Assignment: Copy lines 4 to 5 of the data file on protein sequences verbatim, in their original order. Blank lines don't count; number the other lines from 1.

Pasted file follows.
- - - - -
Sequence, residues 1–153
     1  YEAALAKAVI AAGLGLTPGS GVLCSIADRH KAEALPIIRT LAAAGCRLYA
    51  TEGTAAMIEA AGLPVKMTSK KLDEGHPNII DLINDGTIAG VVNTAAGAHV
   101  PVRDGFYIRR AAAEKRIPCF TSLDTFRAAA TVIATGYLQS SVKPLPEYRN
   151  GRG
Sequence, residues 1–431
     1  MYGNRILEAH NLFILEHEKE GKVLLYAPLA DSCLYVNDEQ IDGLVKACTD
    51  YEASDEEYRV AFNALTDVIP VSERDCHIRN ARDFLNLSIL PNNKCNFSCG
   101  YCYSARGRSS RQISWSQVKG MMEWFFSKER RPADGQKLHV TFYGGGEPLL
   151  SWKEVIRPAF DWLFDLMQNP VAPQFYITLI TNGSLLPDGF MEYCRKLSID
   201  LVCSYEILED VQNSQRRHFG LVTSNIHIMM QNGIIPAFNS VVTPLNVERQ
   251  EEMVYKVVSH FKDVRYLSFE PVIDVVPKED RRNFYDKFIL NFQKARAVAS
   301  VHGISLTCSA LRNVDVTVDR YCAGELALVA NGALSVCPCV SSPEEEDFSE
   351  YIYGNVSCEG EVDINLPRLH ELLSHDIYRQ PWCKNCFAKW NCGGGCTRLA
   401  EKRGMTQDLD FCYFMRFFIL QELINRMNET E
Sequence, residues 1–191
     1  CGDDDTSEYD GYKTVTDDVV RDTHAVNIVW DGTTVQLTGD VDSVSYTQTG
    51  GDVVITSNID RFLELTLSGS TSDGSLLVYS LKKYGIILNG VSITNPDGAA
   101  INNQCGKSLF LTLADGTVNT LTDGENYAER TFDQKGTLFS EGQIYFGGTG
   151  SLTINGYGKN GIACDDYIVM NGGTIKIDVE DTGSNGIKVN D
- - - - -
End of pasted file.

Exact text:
   101  PVRDGFYIRR AAAEKRIPCF TSLDTFRAAA TVIATGYLQS SVKPLPEYRN
   151  GRG